Food Bankers Graduate from NTFB’s Emerging Leaders Program

The 2023-24 cohort completed a business plan and prototype for a children’s garden kit that would raise revenue for the North Texas Food Bank while increasing awareness of its mission among families.

The Growing Hope Gardening Kit would allow young children to learn about the North Texas Food Bank and experience a piece of Jan’s Garden at home.

That was the pitch made by nine food bankers who recently graduated from NTFB’s Emerging Leaders program.

Emerging Leaders is an internal leadership development program that is designed to be challenging and equip individuals from various departments to be extraordinary with development tools, such as instructional content, coaching, community and connection.

Congrats to graduates Priscila George (IT), Shawn Martin (Strategic Initiatives), Jamie Palefsky (Nutrition), Brittnie Pinkard (Social Service Assistance), Austin Rowe (Food Sourcing), Luma Shoumali (Operations), Eryka Thompson (Communications) and Colbi White (Philanthropy).

Each individual was nominated to participate by their talent leader and spent the better part of a year attending sessions led by Lance Blakely and Sherry Yellin, who use a Leadership Excellence and Development curriculum they developed.

In September, the cohort was challenged to come up with a new, sustainable revenue stream for NTFB that also had a social impact. The idea or product also had to have brand awareness and advocate for an end to hunger.

Initially, the group researched the feasibility of marketing a food item. However, after looking at a case study involving a pricy initiative to sell flash-frozen broccoli, they decided to pivot.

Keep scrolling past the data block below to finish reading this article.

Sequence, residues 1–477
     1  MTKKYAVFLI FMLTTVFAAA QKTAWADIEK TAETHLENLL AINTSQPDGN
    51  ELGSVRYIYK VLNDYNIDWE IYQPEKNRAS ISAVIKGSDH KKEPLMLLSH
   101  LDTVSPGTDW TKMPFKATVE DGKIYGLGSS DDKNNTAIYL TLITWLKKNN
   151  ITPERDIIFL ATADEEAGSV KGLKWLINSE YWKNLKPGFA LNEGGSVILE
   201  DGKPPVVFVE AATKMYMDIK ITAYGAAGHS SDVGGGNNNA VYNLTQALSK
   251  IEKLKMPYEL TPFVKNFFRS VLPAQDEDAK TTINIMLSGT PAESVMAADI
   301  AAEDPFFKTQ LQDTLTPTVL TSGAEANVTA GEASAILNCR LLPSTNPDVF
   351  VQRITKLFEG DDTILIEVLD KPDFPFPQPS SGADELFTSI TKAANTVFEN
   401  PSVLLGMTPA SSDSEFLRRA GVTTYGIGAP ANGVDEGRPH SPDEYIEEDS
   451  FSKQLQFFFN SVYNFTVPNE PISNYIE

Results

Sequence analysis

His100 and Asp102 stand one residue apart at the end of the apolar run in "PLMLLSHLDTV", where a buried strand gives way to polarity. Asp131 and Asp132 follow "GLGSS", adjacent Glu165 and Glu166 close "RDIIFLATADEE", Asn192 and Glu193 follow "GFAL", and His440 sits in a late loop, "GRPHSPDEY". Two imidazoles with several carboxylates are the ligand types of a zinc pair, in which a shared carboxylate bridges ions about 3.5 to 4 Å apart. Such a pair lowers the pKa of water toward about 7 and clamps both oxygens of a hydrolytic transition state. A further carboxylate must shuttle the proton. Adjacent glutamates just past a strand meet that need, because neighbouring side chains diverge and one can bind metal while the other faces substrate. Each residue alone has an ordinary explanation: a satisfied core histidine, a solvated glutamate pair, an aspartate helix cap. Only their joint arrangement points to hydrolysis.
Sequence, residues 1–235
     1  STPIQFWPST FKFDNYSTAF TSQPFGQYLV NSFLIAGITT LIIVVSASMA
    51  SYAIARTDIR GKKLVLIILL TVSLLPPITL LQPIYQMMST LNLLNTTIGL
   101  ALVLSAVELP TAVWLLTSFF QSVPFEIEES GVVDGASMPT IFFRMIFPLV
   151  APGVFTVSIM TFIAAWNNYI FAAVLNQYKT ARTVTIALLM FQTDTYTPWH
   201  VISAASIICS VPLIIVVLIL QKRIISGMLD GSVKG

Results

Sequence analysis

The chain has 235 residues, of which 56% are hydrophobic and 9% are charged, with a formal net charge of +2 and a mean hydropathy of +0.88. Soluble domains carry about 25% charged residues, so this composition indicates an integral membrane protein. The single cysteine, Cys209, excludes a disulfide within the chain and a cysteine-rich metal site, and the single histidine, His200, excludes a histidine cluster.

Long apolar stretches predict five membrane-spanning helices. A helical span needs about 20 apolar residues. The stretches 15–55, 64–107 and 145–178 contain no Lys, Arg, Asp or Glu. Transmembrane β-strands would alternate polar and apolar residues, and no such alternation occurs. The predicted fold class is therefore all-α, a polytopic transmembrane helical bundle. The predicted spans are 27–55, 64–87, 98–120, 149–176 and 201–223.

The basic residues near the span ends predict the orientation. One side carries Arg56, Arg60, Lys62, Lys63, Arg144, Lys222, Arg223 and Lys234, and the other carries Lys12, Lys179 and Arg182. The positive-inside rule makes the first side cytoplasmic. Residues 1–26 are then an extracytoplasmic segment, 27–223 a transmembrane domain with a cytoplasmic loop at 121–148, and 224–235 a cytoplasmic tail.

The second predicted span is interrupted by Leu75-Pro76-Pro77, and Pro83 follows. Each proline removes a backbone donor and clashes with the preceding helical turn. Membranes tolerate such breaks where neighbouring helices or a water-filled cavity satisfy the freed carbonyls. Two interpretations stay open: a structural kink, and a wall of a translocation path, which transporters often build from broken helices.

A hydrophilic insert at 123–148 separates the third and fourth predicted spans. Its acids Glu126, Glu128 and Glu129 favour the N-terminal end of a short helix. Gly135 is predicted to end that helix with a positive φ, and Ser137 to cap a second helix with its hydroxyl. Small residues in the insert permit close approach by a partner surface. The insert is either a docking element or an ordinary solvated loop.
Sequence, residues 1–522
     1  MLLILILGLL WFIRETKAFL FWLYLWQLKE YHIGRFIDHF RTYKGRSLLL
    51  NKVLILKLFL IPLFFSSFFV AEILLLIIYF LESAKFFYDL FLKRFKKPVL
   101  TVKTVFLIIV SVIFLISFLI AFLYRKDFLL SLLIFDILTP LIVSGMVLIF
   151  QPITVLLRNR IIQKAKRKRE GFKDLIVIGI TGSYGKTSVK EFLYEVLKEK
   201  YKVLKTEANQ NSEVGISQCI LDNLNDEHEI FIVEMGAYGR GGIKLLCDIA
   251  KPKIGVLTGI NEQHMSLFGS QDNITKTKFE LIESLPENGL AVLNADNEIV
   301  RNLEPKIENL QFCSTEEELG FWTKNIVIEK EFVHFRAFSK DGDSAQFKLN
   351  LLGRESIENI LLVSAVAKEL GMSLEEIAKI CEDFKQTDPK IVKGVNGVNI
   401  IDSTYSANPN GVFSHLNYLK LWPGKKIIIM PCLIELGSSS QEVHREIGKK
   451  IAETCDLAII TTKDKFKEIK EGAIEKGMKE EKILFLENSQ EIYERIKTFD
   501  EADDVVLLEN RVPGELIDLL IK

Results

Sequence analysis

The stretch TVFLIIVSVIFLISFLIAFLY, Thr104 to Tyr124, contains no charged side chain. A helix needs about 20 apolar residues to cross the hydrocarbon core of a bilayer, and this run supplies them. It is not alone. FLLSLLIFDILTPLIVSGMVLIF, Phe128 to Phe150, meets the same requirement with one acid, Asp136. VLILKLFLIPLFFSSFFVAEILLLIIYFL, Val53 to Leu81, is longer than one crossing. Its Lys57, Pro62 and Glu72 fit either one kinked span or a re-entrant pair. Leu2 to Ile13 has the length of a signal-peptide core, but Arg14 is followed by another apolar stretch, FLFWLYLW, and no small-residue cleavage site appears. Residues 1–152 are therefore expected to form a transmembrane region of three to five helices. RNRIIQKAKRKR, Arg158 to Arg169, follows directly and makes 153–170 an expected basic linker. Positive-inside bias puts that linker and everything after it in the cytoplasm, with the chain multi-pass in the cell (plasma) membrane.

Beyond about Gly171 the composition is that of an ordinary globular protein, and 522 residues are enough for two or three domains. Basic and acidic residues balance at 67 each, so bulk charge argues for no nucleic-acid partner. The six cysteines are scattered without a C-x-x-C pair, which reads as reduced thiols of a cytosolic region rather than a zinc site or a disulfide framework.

Knowing that 80 percent of those who are familiar with NTFB are likely to contribute to a child advocacy cause, they decided instead on a children’s gardening kit.

The group spent months researching, looking into how they would manufacture and sell a kit, testing out elements from other garden kits on the market, and meeting with stakeholders throughout NTFB to better understand the impact the kit might have.

They also broke up into committees that focused on product development, a survey and marketability analysis, safety and risk factors, budgeting and marketing.

In April, the cohort presented NTFB’s executive team with a 30-page business plan for the Growing Hope Garden Kit.

Targeted at 8- to 11-year-old students, the box contains 3 branded packets of seeds, greenhouse and peat pallets, an interactive instructional booklet, branded labels and branded stickers.

The kit was also marketed as part of Jan’s Sprout Society, which the group said could act as the larger brand for any garden-related products that are developed in the future, whether gloves or gardening tools.

President and CEO Trisha Cunningham said while the NTFB leadership team hasn’t decided whether to implement the idea, they were impressed with the creative way this team of cross-functional leaders collaborated and worked toward a greater vision.

“I loved how this team came together, the energy they brought and the presentation they did, but more than that, I love how they leveraged everyone’s talents on the team,” she said.

Emerging Leaders takes place every other year. The last cohort presented the idea for the Repackaging Room, which is opening to volunteers this month.

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